Queen of the Dark Things is an engrossing follow-up for urban fantasy author C. Robert Cargill
Urban fantasy author of ‘Dreams and Shadows’ returns for a followup that’s just as fascinating and fun to read.
When the world seems dark and troubling, it’s easy to imagine that you’re the hero in your own story, fighting demons and rescuing damsels (male or female as you prefer). But sometimes high fantasy can be a barrier for newer readers, a new world filled with weird words and geography, magical beasts and kingdoms; why can’t we just have it on Earth, like Harry Potter? Ah, but that’s where urban fantasy comes in. This is the genre that takes magic and fantastical concepts and shoves them whole cloth into our own non-magical reality. Depending on the rules of this urban fantasy version of our own world, sometimes all magic has just been hidden or perhaps it’s just about to be discovered. The former is far more common, because we humans love our conspiracies and mysteries. So we take our Earth and shake things up, but sometimes the darkness of reality can’t help but bleed through into the stories we invent.
Following up on his urban fantasy book Dreams and Shadows, author C. Robert Cargill returns with a direct sequel Queen of the Dark Things. In a similar way to the first book, Cargill blends past and present timelines to continue the story of itinerant rogue wizard Colby. The story continues to show more of the tale of Colby’s childhood and his training in magic while also directly continuing from the dark events of the first book. This time, Austin is not only home to the faeries and myths of before, but new mythos show up. We see the seventy-two Goetic demons from The Lesser Key of Solomon, mainly more pseudo-Christian imagery, but there’s an extended series of events about the Aboriginal shamans in Australia. Even a real life historical horror, the massacre in the Batavia is integrated seamlessly in the story. But this is once again a story about trickery and cleverness, how power can be abused or misunderstood, and the complex morality of the real world transposed into fantastical circumstances. Colby must face an old threat and make an impossible choice, all the while trying to keep his remaining friends alive.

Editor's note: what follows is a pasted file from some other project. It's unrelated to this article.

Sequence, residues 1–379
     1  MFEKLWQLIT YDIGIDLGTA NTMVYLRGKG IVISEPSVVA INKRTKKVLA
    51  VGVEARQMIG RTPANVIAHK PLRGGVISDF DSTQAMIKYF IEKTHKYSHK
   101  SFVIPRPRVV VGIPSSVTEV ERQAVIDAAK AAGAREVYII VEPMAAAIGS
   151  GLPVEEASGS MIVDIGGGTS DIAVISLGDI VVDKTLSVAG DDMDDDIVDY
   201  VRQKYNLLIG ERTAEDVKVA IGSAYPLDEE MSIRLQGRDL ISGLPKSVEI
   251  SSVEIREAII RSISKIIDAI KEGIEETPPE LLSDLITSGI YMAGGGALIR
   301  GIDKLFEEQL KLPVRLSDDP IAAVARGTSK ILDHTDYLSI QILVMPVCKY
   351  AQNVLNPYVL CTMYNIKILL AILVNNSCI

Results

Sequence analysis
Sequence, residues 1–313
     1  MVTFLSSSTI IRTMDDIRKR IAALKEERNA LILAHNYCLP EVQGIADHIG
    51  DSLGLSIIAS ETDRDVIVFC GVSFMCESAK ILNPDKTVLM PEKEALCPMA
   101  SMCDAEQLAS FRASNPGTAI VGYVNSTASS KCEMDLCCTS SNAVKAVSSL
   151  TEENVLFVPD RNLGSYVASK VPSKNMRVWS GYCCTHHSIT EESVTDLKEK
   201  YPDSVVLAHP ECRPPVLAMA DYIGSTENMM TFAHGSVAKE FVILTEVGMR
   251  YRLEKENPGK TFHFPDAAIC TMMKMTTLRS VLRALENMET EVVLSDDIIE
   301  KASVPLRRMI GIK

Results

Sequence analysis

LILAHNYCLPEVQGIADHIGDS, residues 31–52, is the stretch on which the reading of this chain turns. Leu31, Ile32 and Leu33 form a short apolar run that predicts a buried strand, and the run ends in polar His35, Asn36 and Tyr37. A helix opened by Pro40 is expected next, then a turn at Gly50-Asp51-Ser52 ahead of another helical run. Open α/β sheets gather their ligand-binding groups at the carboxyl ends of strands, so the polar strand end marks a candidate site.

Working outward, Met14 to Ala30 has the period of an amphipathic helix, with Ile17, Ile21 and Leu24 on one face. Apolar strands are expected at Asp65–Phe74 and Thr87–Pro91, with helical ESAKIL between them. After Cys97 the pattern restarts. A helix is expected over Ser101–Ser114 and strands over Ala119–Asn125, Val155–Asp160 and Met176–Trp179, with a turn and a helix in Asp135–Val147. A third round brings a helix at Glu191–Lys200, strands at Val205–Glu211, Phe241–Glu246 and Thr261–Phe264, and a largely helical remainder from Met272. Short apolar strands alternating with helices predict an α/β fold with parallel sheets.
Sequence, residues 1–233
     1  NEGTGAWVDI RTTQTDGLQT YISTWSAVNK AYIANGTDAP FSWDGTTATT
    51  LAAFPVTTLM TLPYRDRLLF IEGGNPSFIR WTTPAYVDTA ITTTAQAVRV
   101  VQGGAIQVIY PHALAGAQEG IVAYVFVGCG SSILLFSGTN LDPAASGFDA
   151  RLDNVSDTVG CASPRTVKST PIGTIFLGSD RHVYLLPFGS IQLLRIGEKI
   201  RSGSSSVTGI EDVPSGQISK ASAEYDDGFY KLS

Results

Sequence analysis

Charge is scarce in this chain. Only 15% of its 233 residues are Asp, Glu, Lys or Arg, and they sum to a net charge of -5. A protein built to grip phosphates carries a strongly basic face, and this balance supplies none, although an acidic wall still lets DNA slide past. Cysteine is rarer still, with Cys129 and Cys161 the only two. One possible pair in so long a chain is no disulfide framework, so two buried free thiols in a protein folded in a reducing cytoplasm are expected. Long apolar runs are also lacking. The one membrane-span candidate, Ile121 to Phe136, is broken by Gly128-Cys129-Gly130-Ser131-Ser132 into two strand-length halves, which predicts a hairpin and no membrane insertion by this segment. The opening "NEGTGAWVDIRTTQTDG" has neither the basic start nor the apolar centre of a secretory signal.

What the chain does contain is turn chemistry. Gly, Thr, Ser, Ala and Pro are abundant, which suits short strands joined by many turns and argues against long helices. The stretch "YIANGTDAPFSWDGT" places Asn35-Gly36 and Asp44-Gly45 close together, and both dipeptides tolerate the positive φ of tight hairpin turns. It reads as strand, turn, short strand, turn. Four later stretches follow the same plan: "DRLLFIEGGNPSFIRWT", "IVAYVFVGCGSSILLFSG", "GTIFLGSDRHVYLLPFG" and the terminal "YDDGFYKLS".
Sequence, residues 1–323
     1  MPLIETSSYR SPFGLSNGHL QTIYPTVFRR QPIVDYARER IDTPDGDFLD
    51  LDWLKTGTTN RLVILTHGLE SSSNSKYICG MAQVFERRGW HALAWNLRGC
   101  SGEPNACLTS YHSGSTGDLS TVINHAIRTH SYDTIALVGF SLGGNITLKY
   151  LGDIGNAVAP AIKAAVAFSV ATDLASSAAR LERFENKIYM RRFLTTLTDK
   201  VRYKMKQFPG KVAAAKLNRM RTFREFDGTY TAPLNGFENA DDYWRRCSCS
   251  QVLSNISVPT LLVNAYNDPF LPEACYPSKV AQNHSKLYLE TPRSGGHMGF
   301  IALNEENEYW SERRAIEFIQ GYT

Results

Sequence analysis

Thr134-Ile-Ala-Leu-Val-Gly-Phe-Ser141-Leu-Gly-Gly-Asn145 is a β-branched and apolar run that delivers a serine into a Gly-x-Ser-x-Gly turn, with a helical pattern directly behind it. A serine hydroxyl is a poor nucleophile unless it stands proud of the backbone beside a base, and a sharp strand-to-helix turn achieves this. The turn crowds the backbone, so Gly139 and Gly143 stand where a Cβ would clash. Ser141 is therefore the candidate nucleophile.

One thing that remains true about Cargill’s books is the clear and robust world building, a foundation of various mythos to show a world rife with fantastical conflict yet strangely believable. The characters are well defined, although the primary focus is on Colby and his childhood friend, meaning that there isn’t as much on the tertiary characters. There are glimpses of hidden depths that I would hope are reflective of careful consideration instead of accidental meaning. That said, sometimes subconscious ideas never explicitly considered turn into ones realized on the page. Just like Dreams and Shadows, there is a darkly comic style at play here, with death and despair evident despite the best wishes of the heroic characters. There are far fewer wish fulfilments built into these characters than most urban fantasy stories; Colby may have a tragic backstory but he’s not constantly bewitched by eldritch ladies, or vice versa. Well, there is one minor exception, but that’s acceptable considering it’s an idea I rarely see.
This is a quick and engaging read, mixing just the lightest bit of complexity until the final denouement. Some of the plans aren’t really that clever or are so obtuse they don’t have any meaningful way to be understood by the reader. But for the most part, the book is fun and only rarely overly confusing. I don’t particularly like it when stories invent wholly new rules for magic without thinking it through, but I find Cargill usually manages to sidestep this problem. Just like his last book, Queen of the Dark Things includes interstitial excerpts from a fictional book on magic that sheds light on relevant plot details, a narrative device I personally enjoy but some might find a bit too dry.
The ending may be a bit too easy for some, but I found it satisfying and a reasonable endpoint to the drama built up over 400 pages. This isn’t a book with highly complicated twists and turns like George R. R. Martin’s A Song of Ice and Fire or Joe Abercrombie’s fantasy books, but it has some of the fun silliness and near darkness of Jim Butcher’s The Dresden Files. I like how carefully this world is considered, and I like how easy the book is to finish, just a relaxing few hours and you’re done. It’s a compromise for those that like Game of Thrones but are intimidated by the thousands of words and hundreds of characters. Try these two from C. Robert Cargill and ease yourself into it.